Computerized navigation is common enough today to be almost passé, if it wasn’t so useful. It’s been 20 years since the U.S. market was initially given the option to have one installed on a new car, from the factory.
If you don’t already know which company was first, the answer may surprise you.
On my 16th birthday, coinciding with having earned a driver’s license, I was given a Thomas Guide. A rite of passage but also an indispensable tool stored under many a car seat clear back in nineteen-hundred and eighty… uh, well, it was a time when factory-installed navigation units for vehicles were only possible in the movies. However, during roughly the same period, the feature was already becoming available in other markets, for example Japan.
However, by the end of the 1980s, Oldsmobile had already partnered with Delco Electronics and Zexel USA (an automotive components supplier). Together, they produced the Oldsmobile Navigation/Information System (ONIS) which officially debuted to the public in early 1994. But not for purchase.
The ONIS had been developed over a five-year period, with a strong emphasis on operational simplicity. Thus, Oldsmobile wanted to first test it out. So, they teamed with yet another company, Avis Rent A Car, to put the system through its paces and help gauge consumer reaction.
Avis reported reactions so positive that, by September 28, 1994, it was officially added to Oldsmobile’s 1995 factory options list but it was wearing a new name: Guidestar (technically “GUIDESTAR” but shouting is tiring). Moreover, there were a few restrictions to contend with.
The rental fleet test had been conducted on a narrow target, using the Eighty Eight LSS and only in San Jose, California. By the time it was available for production, it could be ordered on any Eighty Eight model. However, it was still limited to California only. That was because, by that point in time, California had already been mapped out and was available on “cartridge” (which included supplemental data on Las Vegas).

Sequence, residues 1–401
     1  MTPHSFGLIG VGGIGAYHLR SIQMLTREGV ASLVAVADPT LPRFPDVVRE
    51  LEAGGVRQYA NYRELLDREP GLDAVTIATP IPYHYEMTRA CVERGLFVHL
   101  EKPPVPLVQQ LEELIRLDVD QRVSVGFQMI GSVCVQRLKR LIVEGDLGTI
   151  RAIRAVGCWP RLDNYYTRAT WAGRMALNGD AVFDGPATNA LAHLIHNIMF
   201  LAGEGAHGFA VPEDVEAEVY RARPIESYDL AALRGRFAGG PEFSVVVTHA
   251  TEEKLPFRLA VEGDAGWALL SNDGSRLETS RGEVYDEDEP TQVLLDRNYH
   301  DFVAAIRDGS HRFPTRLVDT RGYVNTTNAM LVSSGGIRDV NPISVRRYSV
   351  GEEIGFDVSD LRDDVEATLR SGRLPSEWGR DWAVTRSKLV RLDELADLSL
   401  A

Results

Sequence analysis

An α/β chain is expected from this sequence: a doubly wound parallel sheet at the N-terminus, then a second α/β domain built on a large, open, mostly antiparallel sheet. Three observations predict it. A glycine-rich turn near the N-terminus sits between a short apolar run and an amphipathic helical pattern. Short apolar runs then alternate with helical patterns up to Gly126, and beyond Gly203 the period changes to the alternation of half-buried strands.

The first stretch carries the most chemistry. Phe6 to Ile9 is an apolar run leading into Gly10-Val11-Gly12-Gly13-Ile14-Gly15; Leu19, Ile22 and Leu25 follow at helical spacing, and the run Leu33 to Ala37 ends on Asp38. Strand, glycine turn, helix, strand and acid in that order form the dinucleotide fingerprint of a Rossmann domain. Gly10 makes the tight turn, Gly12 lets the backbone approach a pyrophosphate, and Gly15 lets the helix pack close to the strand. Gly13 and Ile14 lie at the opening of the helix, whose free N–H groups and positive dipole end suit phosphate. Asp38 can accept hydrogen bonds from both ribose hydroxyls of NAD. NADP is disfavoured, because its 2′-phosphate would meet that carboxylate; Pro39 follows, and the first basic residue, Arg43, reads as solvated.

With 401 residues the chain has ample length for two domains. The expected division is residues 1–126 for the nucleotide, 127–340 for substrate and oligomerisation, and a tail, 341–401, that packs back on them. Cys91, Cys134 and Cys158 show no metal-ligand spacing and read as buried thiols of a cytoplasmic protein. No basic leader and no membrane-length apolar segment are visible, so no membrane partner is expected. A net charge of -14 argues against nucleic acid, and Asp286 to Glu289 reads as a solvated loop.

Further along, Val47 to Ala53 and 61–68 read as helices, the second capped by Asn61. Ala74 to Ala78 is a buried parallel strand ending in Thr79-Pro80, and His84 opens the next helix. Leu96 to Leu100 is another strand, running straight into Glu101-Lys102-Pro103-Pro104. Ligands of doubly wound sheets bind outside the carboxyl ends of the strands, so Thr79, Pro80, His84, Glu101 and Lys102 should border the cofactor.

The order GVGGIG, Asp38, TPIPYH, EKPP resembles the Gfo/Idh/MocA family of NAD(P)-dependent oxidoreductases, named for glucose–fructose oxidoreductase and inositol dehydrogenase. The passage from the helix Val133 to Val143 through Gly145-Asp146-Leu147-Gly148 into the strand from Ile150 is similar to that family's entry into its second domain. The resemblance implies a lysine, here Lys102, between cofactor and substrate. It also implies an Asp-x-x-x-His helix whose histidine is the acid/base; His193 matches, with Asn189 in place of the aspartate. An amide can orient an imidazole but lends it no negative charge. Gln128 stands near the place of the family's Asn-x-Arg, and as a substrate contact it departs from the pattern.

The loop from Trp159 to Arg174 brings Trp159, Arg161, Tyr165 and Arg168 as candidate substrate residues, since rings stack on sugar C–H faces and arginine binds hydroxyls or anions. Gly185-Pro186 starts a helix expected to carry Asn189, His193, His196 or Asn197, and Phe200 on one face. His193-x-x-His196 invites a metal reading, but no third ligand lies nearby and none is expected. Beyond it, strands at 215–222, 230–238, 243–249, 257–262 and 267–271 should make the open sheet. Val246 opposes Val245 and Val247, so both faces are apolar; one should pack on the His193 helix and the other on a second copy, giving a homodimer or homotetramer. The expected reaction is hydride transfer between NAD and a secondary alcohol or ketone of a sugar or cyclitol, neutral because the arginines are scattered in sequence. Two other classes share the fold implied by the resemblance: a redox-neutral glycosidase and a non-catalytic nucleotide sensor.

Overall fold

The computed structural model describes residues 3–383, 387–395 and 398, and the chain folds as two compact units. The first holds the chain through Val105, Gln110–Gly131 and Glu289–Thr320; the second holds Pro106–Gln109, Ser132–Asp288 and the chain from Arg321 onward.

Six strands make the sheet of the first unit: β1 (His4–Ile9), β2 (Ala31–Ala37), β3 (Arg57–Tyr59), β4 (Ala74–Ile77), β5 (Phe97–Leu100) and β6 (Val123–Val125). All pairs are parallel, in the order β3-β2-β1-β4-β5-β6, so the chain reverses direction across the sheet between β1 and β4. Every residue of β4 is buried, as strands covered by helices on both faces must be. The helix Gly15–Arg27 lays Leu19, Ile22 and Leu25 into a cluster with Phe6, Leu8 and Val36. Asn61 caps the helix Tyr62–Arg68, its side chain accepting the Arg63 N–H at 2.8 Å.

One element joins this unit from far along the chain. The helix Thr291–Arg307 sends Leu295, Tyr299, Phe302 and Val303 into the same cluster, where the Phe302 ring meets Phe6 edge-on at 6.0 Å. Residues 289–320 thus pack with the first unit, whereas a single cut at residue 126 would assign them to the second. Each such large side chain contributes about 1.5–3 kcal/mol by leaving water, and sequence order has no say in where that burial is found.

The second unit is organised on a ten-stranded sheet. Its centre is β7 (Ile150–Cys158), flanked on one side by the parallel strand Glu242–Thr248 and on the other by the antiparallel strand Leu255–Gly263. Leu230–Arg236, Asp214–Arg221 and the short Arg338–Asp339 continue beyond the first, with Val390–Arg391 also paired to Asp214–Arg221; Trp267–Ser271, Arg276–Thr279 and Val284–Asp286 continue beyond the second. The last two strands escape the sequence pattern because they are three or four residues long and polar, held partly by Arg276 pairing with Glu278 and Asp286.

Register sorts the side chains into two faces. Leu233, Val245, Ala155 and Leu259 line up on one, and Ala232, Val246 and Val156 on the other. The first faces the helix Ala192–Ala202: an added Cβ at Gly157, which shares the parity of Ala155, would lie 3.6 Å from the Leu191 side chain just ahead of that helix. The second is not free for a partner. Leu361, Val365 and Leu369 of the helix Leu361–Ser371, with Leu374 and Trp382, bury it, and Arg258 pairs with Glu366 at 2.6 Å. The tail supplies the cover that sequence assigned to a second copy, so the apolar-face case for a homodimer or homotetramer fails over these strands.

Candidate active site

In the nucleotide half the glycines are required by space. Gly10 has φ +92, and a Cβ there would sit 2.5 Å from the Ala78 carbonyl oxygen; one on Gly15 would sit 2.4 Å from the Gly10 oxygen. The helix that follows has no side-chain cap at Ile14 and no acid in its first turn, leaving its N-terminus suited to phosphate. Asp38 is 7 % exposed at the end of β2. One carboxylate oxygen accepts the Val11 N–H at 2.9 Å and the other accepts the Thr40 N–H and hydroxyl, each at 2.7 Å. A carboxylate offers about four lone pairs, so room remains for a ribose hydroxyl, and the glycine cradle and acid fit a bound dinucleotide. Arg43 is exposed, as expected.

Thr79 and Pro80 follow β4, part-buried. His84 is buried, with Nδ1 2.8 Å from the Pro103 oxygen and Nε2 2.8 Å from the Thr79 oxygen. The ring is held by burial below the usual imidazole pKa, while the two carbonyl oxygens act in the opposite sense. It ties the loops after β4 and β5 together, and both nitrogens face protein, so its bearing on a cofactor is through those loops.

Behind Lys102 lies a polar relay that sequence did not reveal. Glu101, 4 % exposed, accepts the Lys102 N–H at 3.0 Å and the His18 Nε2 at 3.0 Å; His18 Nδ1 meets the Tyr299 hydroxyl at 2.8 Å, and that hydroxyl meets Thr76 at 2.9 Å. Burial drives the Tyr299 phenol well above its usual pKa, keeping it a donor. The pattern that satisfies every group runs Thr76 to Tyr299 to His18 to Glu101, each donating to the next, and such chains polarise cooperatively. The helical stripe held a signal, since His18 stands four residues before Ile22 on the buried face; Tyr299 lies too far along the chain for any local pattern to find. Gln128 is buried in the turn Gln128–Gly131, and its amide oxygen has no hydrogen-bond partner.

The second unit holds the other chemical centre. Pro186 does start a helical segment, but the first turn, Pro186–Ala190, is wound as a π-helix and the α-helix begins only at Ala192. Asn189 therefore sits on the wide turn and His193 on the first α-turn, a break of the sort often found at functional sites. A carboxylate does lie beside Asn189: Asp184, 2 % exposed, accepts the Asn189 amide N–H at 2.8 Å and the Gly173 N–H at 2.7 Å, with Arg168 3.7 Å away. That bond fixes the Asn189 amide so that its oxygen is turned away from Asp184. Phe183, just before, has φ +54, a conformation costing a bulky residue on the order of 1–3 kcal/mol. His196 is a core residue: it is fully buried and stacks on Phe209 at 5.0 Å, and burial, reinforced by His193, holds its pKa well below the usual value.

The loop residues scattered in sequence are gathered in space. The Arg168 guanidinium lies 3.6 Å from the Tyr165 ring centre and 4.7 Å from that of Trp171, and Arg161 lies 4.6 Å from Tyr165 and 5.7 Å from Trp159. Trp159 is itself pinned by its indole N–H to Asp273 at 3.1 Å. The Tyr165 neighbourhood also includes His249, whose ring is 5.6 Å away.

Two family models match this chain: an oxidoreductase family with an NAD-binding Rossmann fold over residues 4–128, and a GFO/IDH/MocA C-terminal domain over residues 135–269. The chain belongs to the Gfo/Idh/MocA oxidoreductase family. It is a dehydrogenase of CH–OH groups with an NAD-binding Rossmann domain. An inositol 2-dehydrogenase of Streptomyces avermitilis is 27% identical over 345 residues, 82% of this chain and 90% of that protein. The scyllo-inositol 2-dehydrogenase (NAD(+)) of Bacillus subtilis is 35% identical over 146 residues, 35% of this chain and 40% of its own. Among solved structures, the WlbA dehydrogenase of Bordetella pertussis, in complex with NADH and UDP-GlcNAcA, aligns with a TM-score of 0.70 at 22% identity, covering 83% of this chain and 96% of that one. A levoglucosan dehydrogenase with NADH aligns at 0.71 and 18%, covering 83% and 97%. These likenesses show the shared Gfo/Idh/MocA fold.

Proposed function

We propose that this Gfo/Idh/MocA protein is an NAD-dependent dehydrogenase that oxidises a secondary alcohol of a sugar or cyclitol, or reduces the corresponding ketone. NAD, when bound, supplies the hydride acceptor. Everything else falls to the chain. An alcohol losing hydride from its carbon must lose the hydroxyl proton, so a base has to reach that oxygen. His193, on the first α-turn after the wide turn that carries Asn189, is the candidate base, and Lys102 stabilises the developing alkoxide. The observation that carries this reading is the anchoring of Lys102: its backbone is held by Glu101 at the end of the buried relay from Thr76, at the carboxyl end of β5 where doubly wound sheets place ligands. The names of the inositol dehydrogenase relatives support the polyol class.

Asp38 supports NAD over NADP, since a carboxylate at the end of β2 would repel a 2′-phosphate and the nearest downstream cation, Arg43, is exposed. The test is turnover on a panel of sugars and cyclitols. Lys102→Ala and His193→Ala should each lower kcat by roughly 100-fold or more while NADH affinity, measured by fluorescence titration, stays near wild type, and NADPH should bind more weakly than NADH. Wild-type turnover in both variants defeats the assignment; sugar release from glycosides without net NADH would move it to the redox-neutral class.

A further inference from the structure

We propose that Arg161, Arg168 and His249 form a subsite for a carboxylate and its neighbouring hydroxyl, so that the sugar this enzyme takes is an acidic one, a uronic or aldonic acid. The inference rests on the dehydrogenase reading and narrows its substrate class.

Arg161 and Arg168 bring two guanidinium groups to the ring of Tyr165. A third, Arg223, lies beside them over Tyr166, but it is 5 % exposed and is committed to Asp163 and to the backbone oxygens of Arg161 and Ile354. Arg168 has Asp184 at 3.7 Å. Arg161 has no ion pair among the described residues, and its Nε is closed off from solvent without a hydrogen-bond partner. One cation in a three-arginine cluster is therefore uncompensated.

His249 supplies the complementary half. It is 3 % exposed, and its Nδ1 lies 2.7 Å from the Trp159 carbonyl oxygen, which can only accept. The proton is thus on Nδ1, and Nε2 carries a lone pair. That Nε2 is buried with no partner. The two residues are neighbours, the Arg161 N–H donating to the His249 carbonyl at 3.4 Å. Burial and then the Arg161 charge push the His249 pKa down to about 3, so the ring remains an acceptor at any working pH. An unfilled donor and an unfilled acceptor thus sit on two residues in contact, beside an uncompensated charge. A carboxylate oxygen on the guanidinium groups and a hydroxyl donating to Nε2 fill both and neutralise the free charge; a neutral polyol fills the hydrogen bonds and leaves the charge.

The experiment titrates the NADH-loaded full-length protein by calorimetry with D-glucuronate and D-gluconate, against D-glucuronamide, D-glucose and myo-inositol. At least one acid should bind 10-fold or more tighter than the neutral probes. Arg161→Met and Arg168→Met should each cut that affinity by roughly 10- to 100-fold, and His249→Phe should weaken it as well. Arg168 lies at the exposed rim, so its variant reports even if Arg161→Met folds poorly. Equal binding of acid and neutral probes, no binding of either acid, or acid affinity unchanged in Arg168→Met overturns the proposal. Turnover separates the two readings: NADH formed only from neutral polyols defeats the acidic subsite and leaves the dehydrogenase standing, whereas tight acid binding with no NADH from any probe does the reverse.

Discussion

Showing how rapidly the industry was advancing, by early 1995, maps of about a dozen additional states were available. Oldsmobile’s product availability, subsequently, spread to those areas. Interestingly, at the time, Oldsmobile said that national availability would work in tandem with mapping of the entire U.S. which was expected to be completed by 1996.
Mechanically, the unit was pretty impressive, considering the times. Remember, we were still using Windows 3.1 (Windows 95 didn’t launch until late August of 1995). The head unit included a four-inch color LCD screen and the aforementioned buttons which were backlit. I’m still fond of the soft-rubber, backlit buttons that were on many phones of the ’90s.
The bracket that it was mounted on was adjustable and the head unit was removable to prevent theft. It’s important to note that the head unit was removable, not the entire Guidestar unit because that involved an on-board computer which was located “unobtrusively” in the trunk, along with requisite wiring harnesses and an antenna mounted at the rear.
The computer monitored four types of information: signals from the antenna, vehicle road speed, direction of travel and signals from an internal gyroscope. Oldsmobile documentation says that the precise location of the vehicle was established by “advanced dead reckoning techniques and GPS inputs.”
Now for the elephant in the room. As with any new technology, it wasn’t cheap. At introduction, the unit, installation, and a “California database cartridge” had a suggested retail price of $1,995. A hefty price increase for checking that option box, considering the Eighty Eights ran from about $20,000 to $25,000.